If your development team develops in-house software projects inside a large corporation, you already know that competition and office politics make internal development a tricky business. If you overlook the competitive landscape of your organization, you run the risk of missing some of the internal workings that don’t yet directly affect your projects, but could.

Identify competitive groups
Many project managers do not consider the internal competitive landscape until it’s too late; after a project is pulled or is bypassed for a project from another internal team or even an outsourced provider.

Looking at internal customers as a captive audience is a mistake in today’s economic climate when factored with internal corporate politics, tightening budgets, and corporate reorganization and reprioritization.

Key factors to consider when looking at groups that make up the internal competitive landscape include:

  • Internal development projects still service customers. While these customers are coworkers, there is still the risk that they will spend their development dollars elsewhere by handpicking another internal development team or outsourcing the project.
  • There are executive “pet projects” that you and your team may or may not want to develop.
  • Land grabs do happen when politically opportunistic managers and teams resort to whatever means necessary to expand their domain of responsibility and influence.
  • Development budgets may often draw from the funds of multiple groups targeted to use the applications. Just as external customers are looking for the best solution, so are internal customers. Internal development resources may not provide the best technical or business solution.

Documented corporate standards vs. internal standards
Most corporations large and small have written standards for the development of applications. However, it can be a different case entirely if development teams follow these standards to the letter when developing applications for internal customers. If your organization doesn’t have a set of formal internal standards, consider the following:

  • Study other applications developed internally for their user interface and functionality.
  • Become a student of industry-standard best practices, which typically offer a safe strategy.

The lack of standards and attention to usability is a common complaint voiced about internal applications. This factor often occurs because the applications are not “sold to customers” and the development of internal applications is not seen by some management as critical to organizational success and productivity.

Study applications that are getting the internal buzz
Being aware of the other applications under development and in use within your organization can help you build better applications. Just as marketing managers and product managers study their competitors’ applications, you can study the other applications in use within your organization to help you build an internal application that your customers want to use during the course of their business tasks.

When taking stock of the other internal applications being used by your internal customers, pay close attention to the following:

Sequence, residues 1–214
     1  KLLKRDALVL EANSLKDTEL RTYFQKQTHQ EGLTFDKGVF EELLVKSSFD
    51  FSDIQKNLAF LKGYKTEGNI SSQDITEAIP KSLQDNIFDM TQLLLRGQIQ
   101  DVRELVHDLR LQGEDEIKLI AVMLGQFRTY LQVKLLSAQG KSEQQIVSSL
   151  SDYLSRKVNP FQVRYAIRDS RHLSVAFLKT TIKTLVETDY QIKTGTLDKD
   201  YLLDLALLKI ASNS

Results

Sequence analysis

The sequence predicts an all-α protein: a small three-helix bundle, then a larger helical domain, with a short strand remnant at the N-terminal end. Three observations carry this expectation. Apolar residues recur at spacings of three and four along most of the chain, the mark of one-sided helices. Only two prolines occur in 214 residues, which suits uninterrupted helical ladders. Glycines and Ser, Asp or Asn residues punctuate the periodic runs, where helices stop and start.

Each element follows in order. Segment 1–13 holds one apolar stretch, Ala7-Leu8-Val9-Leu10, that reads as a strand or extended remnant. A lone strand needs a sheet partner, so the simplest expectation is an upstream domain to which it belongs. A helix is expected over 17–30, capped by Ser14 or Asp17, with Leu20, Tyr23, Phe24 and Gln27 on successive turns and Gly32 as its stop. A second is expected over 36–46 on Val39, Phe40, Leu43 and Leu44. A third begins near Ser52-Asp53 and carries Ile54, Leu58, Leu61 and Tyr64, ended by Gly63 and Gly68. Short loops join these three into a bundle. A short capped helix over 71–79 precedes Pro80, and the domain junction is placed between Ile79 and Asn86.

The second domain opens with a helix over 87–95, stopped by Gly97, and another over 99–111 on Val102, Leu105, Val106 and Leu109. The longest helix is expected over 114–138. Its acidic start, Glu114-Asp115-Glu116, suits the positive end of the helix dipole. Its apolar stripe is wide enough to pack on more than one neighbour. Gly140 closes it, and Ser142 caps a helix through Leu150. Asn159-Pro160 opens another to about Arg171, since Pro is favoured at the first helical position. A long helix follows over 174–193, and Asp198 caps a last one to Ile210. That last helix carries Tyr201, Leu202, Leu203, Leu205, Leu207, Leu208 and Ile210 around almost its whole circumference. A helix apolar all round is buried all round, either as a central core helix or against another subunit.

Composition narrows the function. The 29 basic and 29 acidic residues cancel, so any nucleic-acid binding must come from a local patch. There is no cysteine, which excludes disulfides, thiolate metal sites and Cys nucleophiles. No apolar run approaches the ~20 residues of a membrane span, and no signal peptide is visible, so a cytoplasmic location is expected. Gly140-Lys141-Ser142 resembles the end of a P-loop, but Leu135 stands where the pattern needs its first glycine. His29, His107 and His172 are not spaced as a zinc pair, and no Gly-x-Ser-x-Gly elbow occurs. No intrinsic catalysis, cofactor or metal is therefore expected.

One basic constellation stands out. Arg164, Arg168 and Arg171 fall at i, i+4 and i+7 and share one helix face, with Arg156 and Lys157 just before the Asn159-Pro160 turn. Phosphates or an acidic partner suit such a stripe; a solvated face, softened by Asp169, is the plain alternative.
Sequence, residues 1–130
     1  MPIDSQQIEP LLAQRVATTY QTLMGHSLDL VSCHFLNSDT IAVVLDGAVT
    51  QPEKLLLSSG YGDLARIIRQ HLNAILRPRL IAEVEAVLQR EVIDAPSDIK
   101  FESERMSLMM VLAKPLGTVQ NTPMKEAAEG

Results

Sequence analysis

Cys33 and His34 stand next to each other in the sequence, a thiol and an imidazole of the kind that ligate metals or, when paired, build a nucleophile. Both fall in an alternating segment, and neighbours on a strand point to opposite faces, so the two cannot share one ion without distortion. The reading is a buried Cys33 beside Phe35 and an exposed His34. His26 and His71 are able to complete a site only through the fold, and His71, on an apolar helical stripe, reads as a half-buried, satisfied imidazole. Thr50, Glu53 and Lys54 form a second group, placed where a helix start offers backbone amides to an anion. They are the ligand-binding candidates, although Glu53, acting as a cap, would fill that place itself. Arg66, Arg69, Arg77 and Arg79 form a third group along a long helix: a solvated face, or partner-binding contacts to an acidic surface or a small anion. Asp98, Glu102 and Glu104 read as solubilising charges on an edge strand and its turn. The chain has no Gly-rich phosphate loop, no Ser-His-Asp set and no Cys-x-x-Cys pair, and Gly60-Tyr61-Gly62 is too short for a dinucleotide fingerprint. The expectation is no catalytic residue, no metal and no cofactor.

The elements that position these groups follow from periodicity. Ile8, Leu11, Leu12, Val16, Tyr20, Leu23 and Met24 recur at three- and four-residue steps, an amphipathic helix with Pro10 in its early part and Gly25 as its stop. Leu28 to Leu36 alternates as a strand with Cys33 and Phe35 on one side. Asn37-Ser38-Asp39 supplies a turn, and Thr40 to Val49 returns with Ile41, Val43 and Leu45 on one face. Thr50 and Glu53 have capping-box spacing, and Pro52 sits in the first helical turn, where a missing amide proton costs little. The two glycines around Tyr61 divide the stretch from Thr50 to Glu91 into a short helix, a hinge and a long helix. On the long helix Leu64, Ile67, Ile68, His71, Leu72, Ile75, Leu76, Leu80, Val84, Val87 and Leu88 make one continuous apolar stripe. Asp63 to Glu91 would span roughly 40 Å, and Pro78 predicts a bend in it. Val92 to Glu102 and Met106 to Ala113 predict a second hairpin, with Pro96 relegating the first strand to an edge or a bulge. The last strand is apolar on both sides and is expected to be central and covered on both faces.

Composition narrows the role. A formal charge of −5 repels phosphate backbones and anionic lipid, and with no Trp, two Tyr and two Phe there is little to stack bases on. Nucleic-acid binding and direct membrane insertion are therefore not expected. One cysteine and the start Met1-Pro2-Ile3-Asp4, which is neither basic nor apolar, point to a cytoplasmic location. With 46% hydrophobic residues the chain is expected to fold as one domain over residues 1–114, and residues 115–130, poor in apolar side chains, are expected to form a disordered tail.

• Jokes masking criticism about the usability of applications
  • Maintenance of these internal applications
  • Available technical documentation and training for the applications
  • Support for users of these applications
  • Feedback about the data quality of the applications. If your organization deals in a lot of technical or statistical or other data, then the quality of internal data available through applications is going to be a major issue

Stay on top of internal news
We all blow off internal corporate news e-mails and intranet postings from time to time, though they can be valuable sources of internal competitive information. The organizational knowledge of the team can be helpful when performing internal competitive analysis. This especially holds true if you or some of your team members have survived the attrition that often characterized the Internet boom, as people left for new opportunities or were laid off when the bubble burst. Here are some examples of how to stay abreast of internal news:

  • Take time to peruse the intranet sites of internal groups with similar or complementary missions and responsibilities.
  • Attend corporate social functions to mix and mingle with members of other development teams and business groups.
  • Subscribe to local technology publications to keep abreast of company news as it relates to the local market that may have skipped past your internal information resources.
  • Develop a network of your internal customers and potential internal customers. Get wired into the network to learn their business objectives, goals, and plans both currently and going forward. Look for angles on where your team’s application development efforts can complement these internal missions.

Win with the home court advantage
Only you and your team can secure the home court advantage by understanding the business and competitive landscape internal to your organization. Building a better application for your internal customers can help bolster your team and project as changes take place within your organization.

Tell us about your experiences

Have you ever performed an internal competitive analysis? Why or why not? If you did, what were the results? Post a message in the discussion board below or send us an e-mail.